All posts filed under: Essays Archive

When Nursing Wasn’t Enough: This is My Past

My milk was starting to come in, and I went to the salon. I had to have my hair done. People were coming to the house, coming to see the new babies, twins, and I wanted to at least look better than what I felt. My hair was a matted mess from days of being uncombed. I’d skipped more than a couple showers, more than a couple hours of sleep. So, couldn’t I get a few of those hours back and get my hair done? But the babies were hungry, and my milk was just starting to come in. I nursed them, but then went on to my appointment. My stylist turned the chair to face the mirror where I could see myself. Where I could see the flat iron smoothing the coils and the kinks to a mahogany flow. I felt a sense of relief—a moment for myself. “Look at you, already out the house. Who’s watching them babies?” “My mom.” I pulled out my phone, showed her the pics. The boy, the girl, …

Keep Up With Your Stuff

When my twelve-year-old daughter, Adelia, lost her wallet on the public city bus, I was actually pretty proud of her. For several weeks, she had been taking two trains in the morning (with a transfer at one of the busiest central transit stations in the country) to get to her new middle school and then two buses to get back home, and not a water bottle nor a notebook had been left behind. Her father and I marveled at her punctuality, and an attentiveness so attuned that she had recently found time to grab a donut while waiting for the second train. But Adelia was distraught when I picked her up that afternoon, her voice edged with tears as she recounted leaving the wallet on the seat next to her.  I listened to her wail and then gently hushed her, saying “Honey, it’s fine! It’s just a wallet.” It was a plain brown wallet that used to belong to her dad, and it only contained her school identification, her trans-pass, and $12, all items that …

Detention

There is no training for holding your dead father’s hand. There is no training for how warm the hand first feels in your own, and how 40 minutes later when you finally stop keening, his hand has grown cold in yours. The horror of that moment threatened my ability to stay present, which as a Buddhist I had been trained to do. There is no training for turning back one last time as you walk through the doors of that room to see your daddy, the hero, lying there. Helpless. Still. Gone. The intercom buzzes and I slowly get up to let in the delivery person. Standing there, I instantly recall all of the times I’d stood in that doorway waiting for him to come walking through the fire doors and down the hallway to my apartment. There was never a time that he came walking down that hallway empty-handed. Whether a gift for me, a toy for Theo, or coffee and donuts, he didn’t know how to stop giving. Supporting. Showing love. Tipping the …

Allowing Our Children to See Us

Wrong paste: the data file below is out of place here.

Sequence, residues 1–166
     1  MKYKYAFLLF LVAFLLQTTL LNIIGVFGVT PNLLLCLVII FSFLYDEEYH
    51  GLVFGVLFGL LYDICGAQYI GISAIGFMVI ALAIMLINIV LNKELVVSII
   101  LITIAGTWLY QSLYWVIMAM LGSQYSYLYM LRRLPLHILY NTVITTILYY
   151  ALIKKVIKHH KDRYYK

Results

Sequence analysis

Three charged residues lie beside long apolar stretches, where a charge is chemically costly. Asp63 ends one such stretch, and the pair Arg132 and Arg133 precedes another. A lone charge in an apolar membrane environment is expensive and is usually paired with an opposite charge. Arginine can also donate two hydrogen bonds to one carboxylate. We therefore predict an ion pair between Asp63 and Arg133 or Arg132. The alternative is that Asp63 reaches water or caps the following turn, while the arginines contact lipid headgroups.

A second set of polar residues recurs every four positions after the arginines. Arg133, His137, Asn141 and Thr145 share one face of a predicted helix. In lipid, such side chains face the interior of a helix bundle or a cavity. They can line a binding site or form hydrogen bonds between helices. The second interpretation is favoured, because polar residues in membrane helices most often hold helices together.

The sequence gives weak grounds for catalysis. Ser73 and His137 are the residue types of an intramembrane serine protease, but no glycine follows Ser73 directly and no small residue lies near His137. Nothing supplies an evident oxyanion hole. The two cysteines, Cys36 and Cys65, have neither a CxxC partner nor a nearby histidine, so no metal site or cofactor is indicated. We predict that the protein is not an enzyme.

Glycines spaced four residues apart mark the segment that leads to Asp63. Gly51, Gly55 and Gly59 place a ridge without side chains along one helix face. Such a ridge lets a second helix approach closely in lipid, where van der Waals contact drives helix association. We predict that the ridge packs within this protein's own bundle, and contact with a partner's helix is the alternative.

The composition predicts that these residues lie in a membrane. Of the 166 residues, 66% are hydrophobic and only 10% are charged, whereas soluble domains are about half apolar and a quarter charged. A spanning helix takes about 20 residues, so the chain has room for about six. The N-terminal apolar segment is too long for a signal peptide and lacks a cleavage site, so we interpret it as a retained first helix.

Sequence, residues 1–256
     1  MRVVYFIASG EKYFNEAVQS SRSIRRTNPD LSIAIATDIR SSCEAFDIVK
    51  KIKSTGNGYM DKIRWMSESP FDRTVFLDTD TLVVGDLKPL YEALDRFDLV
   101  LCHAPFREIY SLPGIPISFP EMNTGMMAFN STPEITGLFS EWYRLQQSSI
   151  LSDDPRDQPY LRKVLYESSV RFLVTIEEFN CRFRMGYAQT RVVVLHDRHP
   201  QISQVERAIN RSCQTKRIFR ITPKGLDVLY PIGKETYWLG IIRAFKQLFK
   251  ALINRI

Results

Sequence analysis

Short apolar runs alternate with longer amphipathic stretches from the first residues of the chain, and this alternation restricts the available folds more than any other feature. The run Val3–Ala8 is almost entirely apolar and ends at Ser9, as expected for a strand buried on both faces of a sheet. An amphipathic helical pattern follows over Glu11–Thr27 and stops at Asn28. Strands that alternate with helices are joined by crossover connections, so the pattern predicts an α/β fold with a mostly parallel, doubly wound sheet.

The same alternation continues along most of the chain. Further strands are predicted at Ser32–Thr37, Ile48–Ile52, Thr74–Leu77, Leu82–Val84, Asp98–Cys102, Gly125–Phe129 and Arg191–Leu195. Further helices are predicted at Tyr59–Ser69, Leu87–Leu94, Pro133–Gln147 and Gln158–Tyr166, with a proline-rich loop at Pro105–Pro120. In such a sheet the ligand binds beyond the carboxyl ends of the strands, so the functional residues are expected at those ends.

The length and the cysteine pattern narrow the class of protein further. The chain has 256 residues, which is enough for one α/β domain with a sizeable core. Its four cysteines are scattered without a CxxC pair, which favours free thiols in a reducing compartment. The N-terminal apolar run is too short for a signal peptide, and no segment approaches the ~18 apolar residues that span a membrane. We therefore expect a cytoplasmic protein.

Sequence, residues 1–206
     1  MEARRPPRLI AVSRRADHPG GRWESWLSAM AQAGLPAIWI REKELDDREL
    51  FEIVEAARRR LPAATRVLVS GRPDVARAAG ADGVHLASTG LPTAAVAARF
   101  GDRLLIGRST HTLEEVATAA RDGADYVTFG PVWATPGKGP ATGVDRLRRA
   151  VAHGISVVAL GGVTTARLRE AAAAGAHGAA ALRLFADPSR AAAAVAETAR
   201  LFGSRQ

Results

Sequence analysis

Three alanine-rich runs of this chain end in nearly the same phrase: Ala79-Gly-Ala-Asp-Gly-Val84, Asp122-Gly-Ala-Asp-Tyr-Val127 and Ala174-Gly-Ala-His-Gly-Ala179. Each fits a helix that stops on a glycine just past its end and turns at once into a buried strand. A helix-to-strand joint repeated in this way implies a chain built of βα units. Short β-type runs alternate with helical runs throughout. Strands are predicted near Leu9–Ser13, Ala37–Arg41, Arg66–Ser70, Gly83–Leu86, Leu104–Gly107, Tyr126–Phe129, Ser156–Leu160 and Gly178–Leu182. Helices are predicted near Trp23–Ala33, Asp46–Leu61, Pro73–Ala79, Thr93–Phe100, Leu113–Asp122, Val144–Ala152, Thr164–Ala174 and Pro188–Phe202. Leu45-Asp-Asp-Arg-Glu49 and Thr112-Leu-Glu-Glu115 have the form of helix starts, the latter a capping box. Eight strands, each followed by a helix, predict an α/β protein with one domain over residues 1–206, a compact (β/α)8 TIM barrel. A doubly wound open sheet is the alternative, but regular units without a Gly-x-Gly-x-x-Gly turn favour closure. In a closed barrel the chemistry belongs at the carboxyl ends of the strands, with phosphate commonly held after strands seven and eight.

My daughter and son are running around the house in their usual post-meal frenzy, throwing toys in the air and jumping off our couch. They run to their room, grab a scarf from my daughter’s drawer while yelling lâches at each other, a term they learned from their French father, which means to let go. They like to play this game to see who lets go first before falling to the floor. My instinct is to stop them. Some days I’ll notice the smiles on their faces, hear their mouths full of glee that break into laughter rolling from the depths of their bellies. But today, my initial reaction is one of anger. Today I haven’t had a chance to write. Today I haven’t finished my cup of coffee or showered. Today I am running on 4 hours of sleep and the noise is a clock tower bell ringing over my head. I feel the warmth emanating from the end of my throat, the clenching of my jaw as I form fists with my hands …

There’s Strength in Softness

For my sixteenth birthday, my mother gave me the poem “If” by Rudyard Kipling. She pasted small, pink-and-green cutout flowers on the sides making it less plain, placing it inside a plastic five-by-seven box frame. Composure and calm, according to Kipling, are virtues his son and the reader should have in varied situations. My mother signed the bottom and added, “This is just as true for little girls as it is for boys.” Composure and calm were two characteristics I had never readily possessed but two qualities my mother seemed to have devoted much of her time trying to instill in me. Early lessons were implicit and based on observations of how she lived. My mother had one kidney and spent most of her life on dialysis three times a week. I have vivid memories of accompanying her to the hospital. At six years old, I sat right next to her as tubes filtered her blood. “When do I do dialysis?” I once asked, twirling side-to-side on the chair. “Be still,” she said. “Dialysis is …